Volume 4, Issue 2, Fall 2012
Everyday Life, Tinkering, and Full Participation in the Urban Cultural Imaginary
Cities around the globe are immersed in transnational projects of place reconfiguration and attraction. Urban places, intent on competing in the globalized experience-based economy, undertake identity projects—on-going, dynamic processes through which places are produced and reproduced by conscious strategies of place making and identity building (see, for example, Nyseth and Viken 2009). In this article, I employ Henri Lefebvre’s conceptions of a “right to the city” in order to explore the right to full participation in imagining and shaping urban futures. Spatial practices, such as those I term civic tinkering, may offer one way to help enable such imagining.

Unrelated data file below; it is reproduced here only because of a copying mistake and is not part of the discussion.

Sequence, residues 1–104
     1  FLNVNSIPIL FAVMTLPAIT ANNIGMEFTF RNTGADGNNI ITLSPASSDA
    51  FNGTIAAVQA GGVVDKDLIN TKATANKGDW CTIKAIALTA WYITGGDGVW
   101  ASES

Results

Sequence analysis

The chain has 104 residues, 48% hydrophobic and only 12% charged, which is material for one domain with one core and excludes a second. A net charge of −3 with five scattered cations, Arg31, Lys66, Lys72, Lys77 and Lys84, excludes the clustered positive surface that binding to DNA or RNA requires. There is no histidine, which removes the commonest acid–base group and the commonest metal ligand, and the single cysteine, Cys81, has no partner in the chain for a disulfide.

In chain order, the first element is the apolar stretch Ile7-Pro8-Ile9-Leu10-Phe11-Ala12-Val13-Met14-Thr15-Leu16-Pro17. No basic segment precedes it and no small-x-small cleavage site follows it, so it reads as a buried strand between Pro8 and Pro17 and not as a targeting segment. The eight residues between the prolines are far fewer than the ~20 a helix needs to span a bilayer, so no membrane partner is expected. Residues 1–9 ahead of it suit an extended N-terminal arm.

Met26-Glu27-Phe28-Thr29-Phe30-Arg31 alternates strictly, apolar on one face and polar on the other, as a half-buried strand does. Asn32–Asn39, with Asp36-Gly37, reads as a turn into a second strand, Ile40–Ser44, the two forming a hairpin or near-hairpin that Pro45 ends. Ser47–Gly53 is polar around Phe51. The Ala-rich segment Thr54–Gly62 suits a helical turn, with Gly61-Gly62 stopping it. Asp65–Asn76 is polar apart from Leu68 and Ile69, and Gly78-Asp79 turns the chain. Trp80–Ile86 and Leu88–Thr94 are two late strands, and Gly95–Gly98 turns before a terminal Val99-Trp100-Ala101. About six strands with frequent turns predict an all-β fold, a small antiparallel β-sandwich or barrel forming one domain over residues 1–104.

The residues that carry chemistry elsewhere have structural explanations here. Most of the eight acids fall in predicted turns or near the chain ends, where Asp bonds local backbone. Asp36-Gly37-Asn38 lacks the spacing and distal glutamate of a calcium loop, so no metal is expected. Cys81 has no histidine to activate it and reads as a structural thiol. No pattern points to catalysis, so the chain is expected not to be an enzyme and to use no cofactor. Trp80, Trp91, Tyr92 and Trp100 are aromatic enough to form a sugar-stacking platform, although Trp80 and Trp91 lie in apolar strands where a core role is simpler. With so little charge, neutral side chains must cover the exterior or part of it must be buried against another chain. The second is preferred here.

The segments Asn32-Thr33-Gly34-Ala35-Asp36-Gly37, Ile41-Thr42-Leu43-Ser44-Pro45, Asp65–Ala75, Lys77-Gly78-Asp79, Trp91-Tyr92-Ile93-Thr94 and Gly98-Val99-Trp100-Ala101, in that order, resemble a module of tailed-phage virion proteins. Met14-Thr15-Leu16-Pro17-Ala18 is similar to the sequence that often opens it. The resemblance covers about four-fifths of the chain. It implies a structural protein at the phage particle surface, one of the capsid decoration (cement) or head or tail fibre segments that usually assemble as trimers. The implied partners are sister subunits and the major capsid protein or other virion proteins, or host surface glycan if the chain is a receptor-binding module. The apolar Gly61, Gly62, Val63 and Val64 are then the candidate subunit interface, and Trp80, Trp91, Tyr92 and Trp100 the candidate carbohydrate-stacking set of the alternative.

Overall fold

My discussion draws from scholarship on imaginaries and place identity, as well as on my own qualitative field studies conducted in Roanoke, Virginia, in the United States, and Belfast, Northern Ireland in the United Kingdom. While my precise research questions differed in these two sites, I explored, in each instance, the processes of place identification and development centered on arts and culture, and the extent to which marginal groups and their concerns were engaged or considered in such processes. I also explore “tinkering” as a set of activities that hold potential for residents to more fully participate in the urban project by
constructing, altering, and disrupting spatial meanings. Tinkering may be any impermanent, unsanctioned, and informal activity endeavoring to positively alter a city’s identity. Henri Lefebvre described the relevance of such practices in his vision of the city as oeuvre, or ongoing project.